Sat, 14 Jan 2017 16:36 UTC
Sanctions against Russia haven't achieved anything and should be lifted, former President of the Czech Republic Vaclav Klaus told Sputnik.
"I think it would be rational to abolish them, nothing has been achieved by these sanctions, and the Czech Republic, I think, is not a fanatical supporter of these sanctions," Klaus said.
"I think these sanctions have undoubtedly weakened the Russian economy. God knows, I would like to see some kind of quantitative assessment, where it is concretely expressed. I think that, on the one hand, it has weakened trade, but more importantly, it has worsened the investment situation and led to number of foreign companies no longer investing in Russia - and that is a more serious effect than narrowing the range of goods. Of course, I know well that some of our businesses have paid for it. I just think it's stupid."
Serving Czech politicians including President Milos Zeman and parliament speaker Milan Stech have also urged the lifting of anti-Russian sanctions, which were imposed in March 2014 after Crimea's decision to secede from Ukraine and join Russia in the aftermath of the Euromaidan coup d'etat.
Russia retaliated by launching its own sanctions on August 7, 2014, which affected the import of certain food products, such as cheese, vegetables, fruit and meat. The original decree signed by President Vladimir Putin declared the embargo would last for one year, but it has since been prolonged in step with EU/US sanctions. In June, the EU Council extended anti-Russian sanctions until January 31, 2017, and Russia extended its counter-sanctions until December 31, 2017.
Klaus, an economist who served as second President of the Czech Republic from 2003 to 2013, also said that he is a big opponent of the euro single currency, as are the majority of Czechs.
"I am a big opponent of the euro, I am a big opponent of a single European currency for very diverse countries. And I think this has been confirmed in practice. Also, I don't see any reason why the Czech Republic should join the euro area. In addition, all opinion polls show that people don't want it. I believe that this is the strongest 'no' in the whole of Europe, (although) I'm not sure how things are in Poland. They are a bit softer there."
According to a 2015 Eurobarometer poll of seven EU countries that haven't joined the euro, 70 percent of respondents in the Czech Republic were opposed to joining the euro, the largest proportion of all those countries polled. Next was Sweden, where 66 percent said they were opposed, followed by Poland, where 53 percent opposed joining the euro.
The European single currency project has been hit by a string of disasters such as the European debt crisis, the Greek bailout and the threat of insolvency hanging over Italian banks such as Monte dei Paschi.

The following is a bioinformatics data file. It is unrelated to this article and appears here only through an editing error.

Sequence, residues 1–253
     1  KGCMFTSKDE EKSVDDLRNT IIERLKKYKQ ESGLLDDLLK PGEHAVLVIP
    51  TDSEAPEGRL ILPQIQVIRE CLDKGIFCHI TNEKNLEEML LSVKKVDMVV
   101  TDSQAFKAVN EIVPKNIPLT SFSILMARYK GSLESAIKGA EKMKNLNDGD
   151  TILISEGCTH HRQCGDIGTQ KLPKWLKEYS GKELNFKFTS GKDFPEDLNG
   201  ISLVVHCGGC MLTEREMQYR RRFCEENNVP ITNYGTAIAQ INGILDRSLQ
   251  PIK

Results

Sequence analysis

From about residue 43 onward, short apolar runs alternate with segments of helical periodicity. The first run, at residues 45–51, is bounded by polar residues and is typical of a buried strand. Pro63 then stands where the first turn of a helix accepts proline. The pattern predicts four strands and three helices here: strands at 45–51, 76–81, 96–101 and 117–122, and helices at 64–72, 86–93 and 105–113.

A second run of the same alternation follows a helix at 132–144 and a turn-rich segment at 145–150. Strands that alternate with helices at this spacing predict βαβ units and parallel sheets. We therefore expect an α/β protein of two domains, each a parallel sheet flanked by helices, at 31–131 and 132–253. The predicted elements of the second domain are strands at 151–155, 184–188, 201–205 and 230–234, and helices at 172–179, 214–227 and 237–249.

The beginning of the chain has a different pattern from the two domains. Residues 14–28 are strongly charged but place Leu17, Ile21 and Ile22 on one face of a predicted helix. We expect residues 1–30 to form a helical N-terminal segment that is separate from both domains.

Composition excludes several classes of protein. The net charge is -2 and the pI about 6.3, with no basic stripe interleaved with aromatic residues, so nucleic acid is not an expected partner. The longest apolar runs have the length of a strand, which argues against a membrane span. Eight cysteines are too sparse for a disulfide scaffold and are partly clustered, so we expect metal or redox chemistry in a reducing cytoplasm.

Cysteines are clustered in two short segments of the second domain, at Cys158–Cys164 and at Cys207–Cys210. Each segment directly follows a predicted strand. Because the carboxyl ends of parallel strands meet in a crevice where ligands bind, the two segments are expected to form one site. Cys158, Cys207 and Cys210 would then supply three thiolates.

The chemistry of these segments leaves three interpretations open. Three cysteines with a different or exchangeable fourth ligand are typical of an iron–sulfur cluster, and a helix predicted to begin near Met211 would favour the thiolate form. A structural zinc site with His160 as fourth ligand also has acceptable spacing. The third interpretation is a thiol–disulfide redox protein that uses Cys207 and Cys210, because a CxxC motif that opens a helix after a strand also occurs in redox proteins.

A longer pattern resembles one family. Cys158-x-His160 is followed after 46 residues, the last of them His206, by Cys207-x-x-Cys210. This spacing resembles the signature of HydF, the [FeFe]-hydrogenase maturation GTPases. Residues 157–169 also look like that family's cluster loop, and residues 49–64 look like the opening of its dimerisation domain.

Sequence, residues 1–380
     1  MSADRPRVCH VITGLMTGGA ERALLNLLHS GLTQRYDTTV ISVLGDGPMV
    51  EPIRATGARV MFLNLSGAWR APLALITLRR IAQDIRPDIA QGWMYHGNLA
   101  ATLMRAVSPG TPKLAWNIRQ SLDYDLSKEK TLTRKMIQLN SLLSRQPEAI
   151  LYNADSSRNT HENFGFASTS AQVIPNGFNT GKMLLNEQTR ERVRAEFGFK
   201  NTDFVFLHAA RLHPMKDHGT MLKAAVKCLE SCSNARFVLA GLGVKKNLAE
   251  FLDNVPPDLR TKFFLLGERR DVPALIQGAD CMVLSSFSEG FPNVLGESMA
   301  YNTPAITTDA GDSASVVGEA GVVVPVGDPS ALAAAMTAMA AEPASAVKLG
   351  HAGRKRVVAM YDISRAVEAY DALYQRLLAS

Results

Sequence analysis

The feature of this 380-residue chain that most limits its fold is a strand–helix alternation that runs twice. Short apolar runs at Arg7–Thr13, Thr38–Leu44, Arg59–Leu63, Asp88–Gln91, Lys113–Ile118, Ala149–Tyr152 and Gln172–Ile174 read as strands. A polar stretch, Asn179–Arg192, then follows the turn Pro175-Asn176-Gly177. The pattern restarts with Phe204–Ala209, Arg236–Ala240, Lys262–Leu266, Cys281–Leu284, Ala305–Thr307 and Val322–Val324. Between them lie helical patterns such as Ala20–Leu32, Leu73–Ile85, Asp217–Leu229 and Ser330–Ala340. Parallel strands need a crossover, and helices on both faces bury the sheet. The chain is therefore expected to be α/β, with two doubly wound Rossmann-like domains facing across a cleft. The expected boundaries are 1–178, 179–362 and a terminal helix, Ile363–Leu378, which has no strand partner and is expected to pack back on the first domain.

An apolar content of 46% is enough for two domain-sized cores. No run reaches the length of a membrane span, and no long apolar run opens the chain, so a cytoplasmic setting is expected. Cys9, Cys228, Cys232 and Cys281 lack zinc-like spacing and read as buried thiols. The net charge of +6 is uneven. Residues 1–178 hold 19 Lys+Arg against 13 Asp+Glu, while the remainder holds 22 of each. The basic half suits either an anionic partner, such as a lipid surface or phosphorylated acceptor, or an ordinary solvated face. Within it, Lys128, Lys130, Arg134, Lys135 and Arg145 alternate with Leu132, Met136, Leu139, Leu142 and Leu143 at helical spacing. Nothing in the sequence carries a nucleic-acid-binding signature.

According to an October 2016 poll, just 41 percent of Italians agreed that the euro was a good thing for their economy, a decrease of eight percentage points in comparison with the previous year.
Despite that public opposition, Klaus said it is unlikely that Italy will find the political will to leave the Eurozone.
"But I completely disagree with you that some countries plan to withdraw from the euro zone. I know that there is a huge problem in Italy, and I don't understand why they need to remain in the euro zone, but I have not heard any serious proposal that something like that (Italy leaving the Eurozone) could happen," Klaus said.
The former President added that while Brexit was a positive step for UK voters, such a referendum is unlikely to be held across the rest of Europe.
"I warmly welcomed it (the result of the Brexit vote), because in this way it was confirmed by millions of people that they don't want the current form of European integration. De-facto, the British were the only ones who got the opportunity to say it out loud. That's why such a referendum won't be held anywhere else, Brussels politicians have explained to all the countries that it's not worth doing anything like that," Klaus said.
"On the one hand, I think that it was an important signal, while on the other I don't think that there will be more exits. In that sense the UK was unique, an exception for 1,001 reasons, not least due to the fact that the UK is an island close to Europe, not a country somewhere in the middle of Europe like the Czech Republic for example. So I don't expect further exits, there might just be a softening of the conditions of the European unification process," Klaus said.